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Echocardiography Tutorial
What is Echocardiography? Basics of Ultrasound Echocardiographic Modes Mitral Valve Aortic Valve Other Valve Images  

Echocardiographic Modes

There are three primary modes of producing the echo images used in clinical practice: M-mode, B-mode (2D imaging), and 3D imaging.

M-mode is an older form of ultrasound and will only give a single scan line of the picture being investigated.

The image formed has time on the x-axis and depth on the y-axis.

The density will appear by the shades of white and gray on the screen.

M-mode has a high frame rate and therefore is useful for fast moving objects.

Figure 3

Figure 3. M Mode through the aortic valve in a ME aortic valve long axis view TEE

In B-mode or 2D imaging the x-axis is depth, the z-axis is amplitude and there is no y-axis. A line of B-mode data is transmitted in an arc back and forth through the tissue. The images are generated very quickly to give the appearance of a continuous moving picture.

Figure 4

Figure 4. Four chamber view as seen in TEE.

3D echo uses the same principles as 2D echo adding an extra plane. While a 2D echo probe crystal contains around 64 to 128 elements per row, a 3D probe has 3,000 elements per row. Instead of a triangular dataset that is then converted to a 2D image, a pyramidal dataset is created and converted to a 3D image. Shading is then used to convey depth on 3D echo.

Download movie: mp4

Video 3. Mitral valve as seen in TEE using 3D. The anterior leaflet is located in the top and the posterior in the bottom of the image.


The Doppler Shift is the amount of change in frequency that occurs when the sound wave bounces off the moving object. Calculating the Doppler Shift allows us to determine the speed and direction of a moving object, such as blood flow or valve leaflets.

There are two types of relevant Doppler: spectral Doppler and color flow Doppler (CFD).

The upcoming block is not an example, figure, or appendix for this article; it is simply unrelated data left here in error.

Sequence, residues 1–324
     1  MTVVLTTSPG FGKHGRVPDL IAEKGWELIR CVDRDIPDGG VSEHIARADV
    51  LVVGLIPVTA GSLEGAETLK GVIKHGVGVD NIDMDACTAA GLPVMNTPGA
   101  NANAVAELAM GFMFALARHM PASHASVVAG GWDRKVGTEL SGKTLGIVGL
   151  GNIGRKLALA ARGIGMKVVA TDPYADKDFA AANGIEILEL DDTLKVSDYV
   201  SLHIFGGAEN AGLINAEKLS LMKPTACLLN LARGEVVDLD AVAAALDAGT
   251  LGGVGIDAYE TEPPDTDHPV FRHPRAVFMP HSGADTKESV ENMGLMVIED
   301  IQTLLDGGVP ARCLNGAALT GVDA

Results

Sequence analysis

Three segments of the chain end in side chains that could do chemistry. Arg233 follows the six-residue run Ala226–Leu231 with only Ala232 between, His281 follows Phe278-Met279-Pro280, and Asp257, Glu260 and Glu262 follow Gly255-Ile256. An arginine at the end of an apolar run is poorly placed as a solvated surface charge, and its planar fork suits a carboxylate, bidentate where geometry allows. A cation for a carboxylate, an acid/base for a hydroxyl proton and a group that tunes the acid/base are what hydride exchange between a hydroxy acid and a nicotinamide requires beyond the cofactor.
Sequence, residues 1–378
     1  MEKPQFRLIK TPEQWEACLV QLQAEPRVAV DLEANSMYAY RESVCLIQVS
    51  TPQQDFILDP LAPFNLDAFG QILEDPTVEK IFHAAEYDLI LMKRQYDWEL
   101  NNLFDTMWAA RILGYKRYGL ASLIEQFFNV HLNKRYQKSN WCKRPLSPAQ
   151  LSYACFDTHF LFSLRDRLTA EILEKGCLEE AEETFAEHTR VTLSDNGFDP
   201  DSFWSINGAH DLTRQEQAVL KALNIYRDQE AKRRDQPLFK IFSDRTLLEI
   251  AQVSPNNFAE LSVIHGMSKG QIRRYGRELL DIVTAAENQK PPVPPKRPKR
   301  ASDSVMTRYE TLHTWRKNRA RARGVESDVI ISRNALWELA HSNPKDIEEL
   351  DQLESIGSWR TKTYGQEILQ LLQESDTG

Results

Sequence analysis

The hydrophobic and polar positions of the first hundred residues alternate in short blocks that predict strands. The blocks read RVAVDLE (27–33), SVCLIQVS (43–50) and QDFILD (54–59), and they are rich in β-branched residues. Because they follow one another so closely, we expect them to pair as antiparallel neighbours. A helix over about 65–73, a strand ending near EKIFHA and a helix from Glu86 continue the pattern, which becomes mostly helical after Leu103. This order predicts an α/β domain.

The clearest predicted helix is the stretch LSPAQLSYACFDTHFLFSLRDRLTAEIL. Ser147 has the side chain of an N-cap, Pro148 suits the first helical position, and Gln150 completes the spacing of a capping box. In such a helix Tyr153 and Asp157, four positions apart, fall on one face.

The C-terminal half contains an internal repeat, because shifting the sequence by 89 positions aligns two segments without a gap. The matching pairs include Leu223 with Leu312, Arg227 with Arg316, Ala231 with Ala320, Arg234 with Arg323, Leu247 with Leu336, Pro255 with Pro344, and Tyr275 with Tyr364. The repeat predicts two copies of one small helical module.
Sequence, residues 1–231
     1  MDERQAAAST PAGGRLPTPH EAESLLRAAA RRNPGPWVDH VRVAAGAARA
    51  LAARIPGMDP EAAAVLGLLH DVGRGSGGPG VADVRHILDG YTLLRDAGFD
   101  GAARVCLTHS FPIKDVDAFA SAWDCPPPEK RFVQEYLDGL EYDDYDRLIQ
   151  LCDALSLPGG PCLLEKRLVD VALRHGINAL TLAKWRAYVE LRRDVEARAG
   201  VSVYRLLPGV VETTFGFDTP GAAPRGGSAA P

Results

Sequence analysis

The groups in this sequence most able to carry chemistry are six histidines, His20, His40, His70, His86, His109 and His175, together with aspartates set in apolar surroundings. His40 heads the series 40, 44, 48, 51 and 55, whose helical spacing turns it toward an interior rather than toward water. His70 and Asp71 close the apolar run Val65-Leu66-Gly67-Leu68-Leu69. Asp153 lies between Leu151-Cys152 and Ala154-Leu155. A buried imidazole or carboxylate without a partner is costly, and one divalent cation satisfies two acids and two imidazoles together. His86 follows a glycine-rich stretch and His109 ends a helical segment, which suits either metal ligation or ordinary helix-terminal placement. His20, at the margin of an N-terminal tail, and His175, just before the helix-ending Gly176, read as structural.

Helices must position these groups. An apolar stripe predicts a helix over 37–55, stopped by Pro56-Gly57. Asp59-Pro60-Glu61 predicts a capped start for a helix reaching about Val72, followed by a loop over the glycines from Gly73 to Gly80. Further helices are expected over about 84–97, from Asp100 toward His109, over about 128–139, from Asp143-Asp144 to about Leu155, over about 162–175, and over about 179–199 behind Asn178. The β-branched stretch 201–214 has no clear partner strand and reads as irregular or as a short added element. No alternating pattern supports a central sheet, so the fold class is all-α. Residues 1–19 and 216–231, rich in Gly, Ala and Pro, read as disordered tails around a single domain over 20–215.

Spectral doppler

There are 2 major forms of spectral Doppler: continuous wave Doppler (CWD) and pulse wave Doppler (PWD).

CWD: the echo probe uses two different crystals to continuously send and receive sound waves. By continuously sending and receiving sound waves, all velocities can be measured through the cursor line, but location of the highest velocity cannot be determined. This is known as range ambiguity. CWD is used for stenotic lesions because we assume that the highest velocity will be in the narrowest location in the line of the cursor.

Figure 5

Figure 5. CWD through the aortic valve TEE.

PWD uses only a single crystal which sends out a sound wave and waits for it to return before sending out the next pulse of sound. By placing the cursor at a known location, velocities can be determined at that one spot. This is known as range resolution. PWD is not ideal for measuring higher velocities and is subject to aliasing, a phenomenon whereby the velocity of an object is greater than the rate that the PWD can record, resulting in the tracing to appear on the opposite side of the baseline.

Figure 6

Figure 6. PWD through the LVOT TEE.

Color Flow Doppler (CFD)

CFD is a type of PWD that works by assigning color to the direction of flow. The standard format is to assign blue color to blood flowing away from the probe and red to blood flowing towards the probe (BART = Blue Away, Red Towards).

Figure 7

Figure 7. Color flow doppler through the mitral valve, aortic valve and LVOT in the TEE ME LAX view.

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